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Concordance between a new molecular real-time approach and traditional culture in suspected VAP patients
Critical Care volume 19, Article number: P107 (2015)
Early microbiological documentation may reduce attributable mortality and excessive use of broad-spectrum antibiotics in ventilator-associated pneumonia (VAP). Using bronchoalveolar lavage (BAL) and endotracheal aspirates (ETA), we studied a new molecular biology-based approach to detect and quantify bacteria in less than 3 hours. This prospective multicenter trial aimed at comparing the microbiological results obtained using this molecular protocol (easyMAG® system) and semiquantitative culture in suspected VAP.
ETA and BAL samples were consecutively collected during 10 months in adult patients in four ICUs of France. The molecular method includes a preprocessing liquefaction for ETA before DNA extraction. DNAs were extracted using the easyMAG® system. Real-time PCR (qPCR) was run using the ABI7500FastDx PCR instrument. The results presented here concern: Staphylococcus aureus, Pseudomonas aeruginosa and Enterobacteriaceae. Quantification was performed using qPCR standard curves, by converting the cycle threshold to CFU/ ml.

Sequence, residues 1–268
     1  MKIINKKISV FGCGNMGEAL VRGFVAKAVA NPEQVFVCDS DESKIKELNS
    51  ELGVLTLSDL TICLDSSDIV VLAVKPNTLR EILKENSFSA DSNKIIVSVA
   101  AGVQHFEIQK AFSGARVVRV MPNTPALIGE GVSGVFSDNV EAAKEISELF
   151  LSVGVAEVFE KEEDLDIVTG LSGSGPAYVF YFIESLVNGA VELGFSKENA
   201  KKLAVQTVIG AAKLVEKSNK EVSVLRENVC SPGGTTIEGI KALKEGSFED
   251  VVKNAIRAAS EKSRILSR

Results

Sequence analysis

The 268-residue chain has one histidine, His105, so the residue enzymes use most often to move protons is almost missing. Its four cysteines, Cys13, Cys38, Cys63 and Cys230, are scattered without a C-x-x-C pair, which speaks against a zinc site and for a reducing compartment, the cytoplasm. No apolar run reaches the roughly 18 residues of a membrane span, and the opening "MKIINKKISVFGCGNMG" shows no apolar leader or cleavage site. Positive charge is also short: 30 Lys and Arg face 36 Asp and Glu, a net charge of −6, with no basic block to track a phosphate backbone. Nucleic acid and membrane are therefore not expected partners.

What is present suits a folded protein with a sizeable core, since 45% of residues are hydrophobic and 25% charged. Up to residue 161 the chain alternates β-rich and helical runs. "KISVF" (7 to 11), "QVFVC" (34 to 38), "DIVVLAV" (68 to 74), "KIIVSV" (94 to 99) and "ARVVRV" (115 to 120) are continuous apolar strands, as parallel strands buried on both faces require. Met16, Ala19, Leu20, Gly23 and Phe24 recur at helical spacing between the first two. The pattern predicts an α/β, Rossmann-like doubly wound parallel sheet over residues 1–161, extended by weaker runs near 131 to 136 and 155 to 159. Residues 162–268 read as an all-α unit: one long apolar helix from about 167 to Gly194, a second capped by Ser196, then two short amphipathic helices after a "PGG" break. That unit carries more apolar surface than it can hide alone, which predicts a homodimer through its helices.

A total of 125 suspected VAP were included from 122 patients. In total, 125 BAL and 107 ETA were collected. Sex ratio (M/F) was 76%, and CPIS ≥6 was calculated in 74.6% of the suspected VAP patients. Mean ventilation duration before sampling was 6 days. Seventy-eight percent and 65% of the BAL and ETA culture were positive respectively. Correlations between molecular method and culture on BAL and ETA are reported in Table 1.
Sensitivity and specificity of the new molecular approach for these main bacteria found in VAP could enable targeted first-line antibiotic therapy. In the future, the development of this approach will aim at obtaining a bedside diagnostic in only a few hours.
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Clavel, M., Barraud, O., Moucadel, V. et al. Concordance between a new molecular real-time approach and traditional culture in suspected VAP patients. Crit Care 19, P107 (2015). https://doi.org/10.1186/cc14187
- Pseudomonas Aeruginosa
- Molecular Method
- Microbiological Result
- Attributable Mortality
- Prospective Multicenter Trial